Congress may be more unpopular right now than cockroaches, colonoscopies and used car salesmen, but Americans have so far this year voted to back incumbent candidates against their primary challengers.
"Incumbency is a powerful force that yields both name recognition, resources and the experience of running an actual campaign. These things matter," Republican consultant Dina Fraioli told TheBlaze. "I mean, these politicians have voted against Obamacare and that's more powerful than voters hatred of Congress."
In fact, as of this writing, not a single incumbent candidate has been unseated by voters who claim they are unhappy with Congress, National Journal reported.
“In Tuesday's congressional primaries, incumbents went 45 for 45, and establishment Republicans won easy victories against their tea-party rivals,” the report said. “Despite how much voters say they hate the current Congress, they still like them better than their primary challengers.”
Now, although incumbent candidates have been safe in 2014's primary elections, the November midterms could be an entirely different story — especially for Senate Democrats.
"A survey of the national landscape finds that open Democratic seats in South Dakota and, to a lesser extent, West Virginia will be extremely difficult for the party to hold,” said National Journal’s Charlie Cook.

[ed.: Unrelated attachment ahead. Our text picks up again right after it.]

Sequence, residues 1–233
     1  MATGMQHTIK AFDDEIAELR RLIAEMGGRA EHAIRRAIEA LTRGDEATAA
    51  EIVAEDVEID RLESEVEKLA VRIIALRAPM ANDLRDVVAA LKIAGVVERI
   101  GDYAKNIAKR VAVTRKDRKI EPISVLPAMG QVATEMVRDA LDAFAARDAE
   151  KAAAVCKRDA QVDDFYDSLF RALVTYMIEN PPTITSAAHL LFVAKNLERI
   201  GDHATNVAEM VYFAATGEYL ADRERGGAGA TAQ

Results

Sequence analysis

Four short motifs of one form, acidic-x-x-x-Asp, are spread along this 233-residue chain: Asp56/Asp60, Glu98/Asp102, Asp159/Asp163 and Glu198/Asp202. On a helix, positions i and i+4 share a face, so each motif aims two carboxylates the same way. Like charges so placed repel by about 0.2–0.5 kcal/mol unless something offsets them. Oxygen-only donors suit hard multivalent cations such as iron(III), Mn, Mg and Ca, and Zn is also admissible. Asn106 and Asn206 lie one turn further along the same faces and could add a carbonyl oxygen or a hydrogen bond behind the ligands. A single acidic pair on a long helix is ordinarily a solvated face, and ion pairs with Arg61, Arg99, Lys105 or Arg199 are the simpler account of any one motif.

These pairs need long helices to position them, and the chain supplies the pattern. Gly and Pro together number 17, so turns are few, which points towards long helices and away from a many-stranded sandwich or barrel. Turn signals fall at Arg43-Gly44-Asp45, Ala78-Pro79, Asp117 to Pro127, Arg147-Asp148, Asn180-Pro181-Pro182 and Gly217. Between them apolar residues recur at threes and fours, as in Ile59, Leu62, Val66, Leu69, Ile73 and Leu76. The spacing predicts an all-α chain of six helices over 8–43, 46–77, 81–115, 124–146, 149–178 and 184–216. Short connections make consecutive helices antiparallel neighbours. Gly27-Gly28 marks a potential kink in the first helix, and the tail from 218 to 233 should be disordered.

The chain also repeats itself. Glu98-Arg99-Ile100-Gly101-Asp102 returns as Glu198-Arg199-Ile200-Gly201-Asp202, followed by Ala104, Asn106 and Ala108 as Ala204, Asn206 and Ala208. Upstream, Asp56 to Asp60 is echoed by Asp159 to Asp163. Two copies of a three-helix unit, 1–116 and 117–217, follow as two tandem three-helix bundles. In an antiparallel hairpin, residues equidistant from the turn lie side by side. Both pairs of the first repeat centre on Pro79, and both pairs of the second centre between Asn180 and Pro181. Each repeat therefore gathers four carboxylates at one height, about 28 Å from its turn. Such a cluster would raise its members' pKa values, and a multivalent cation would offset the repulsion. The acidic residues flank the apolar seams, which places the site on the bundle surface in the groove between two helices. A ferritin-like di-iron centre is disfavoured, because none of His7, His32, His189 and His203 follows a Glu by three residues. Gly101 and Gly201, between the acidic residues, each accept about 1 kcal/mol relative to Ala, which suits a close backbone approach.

But it’s still odd that incumbent candidates have for the most part breezed through their primary elections despite the fact that Congress is so incredibly unpopular.
What possible explanation could there be?
“Incumbent reelection rates are rarely responsive to public opinion of Congress. Even in years when congressional approval tanks, incumbent turnover holds steady,” National Journal suggested.
Also, it’s important to note that although many Americans have historically held an unfavorable opinion of Congress, they generally approve of their own state lawmakers.
“Last May, when congressional approval was at 13 percent, Gallup found about 46 percent approved of the job their representative was doing,” National Journal reported. “This April, the AP asked a similar question, and found that while just 16 percent approved of Congress, 39 percent said they would like to see their member reelected. Of those who are most politically engaged, that figure was 44 percent.”
So, along with the help of redistricting that makes some lawmakers nearly untouchable, it seems pretty clear that incumbent candidates have historically enjoyed a primary election advantage.
“House reelection rates, in most cycles, are higher than 90 percent ... For the Senate, those numbers are only slightly lower,” the report noted. “The Senate may very well flip to the Republicans, over a handful of seats, but the majority of the faces in the chamber will be the same.”
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